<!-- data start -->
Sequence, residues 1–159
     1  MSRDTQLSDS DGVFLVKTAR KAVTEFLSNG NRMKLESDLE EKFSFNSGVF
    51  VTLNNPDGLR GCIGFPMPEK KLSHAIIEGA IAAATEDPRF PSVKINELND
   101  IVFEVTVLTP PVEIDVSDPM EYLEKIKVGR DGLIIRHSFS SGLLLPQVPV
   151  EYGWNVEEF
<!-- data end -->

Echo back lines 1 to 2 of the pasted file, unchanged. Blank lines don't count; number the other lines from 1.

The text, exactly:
Sequence, residues 1–159
     1  MSRDTQLSDS DGVFLVKTAR KAVTEFLSNG NRMKLESDLE EKFSFNSGVF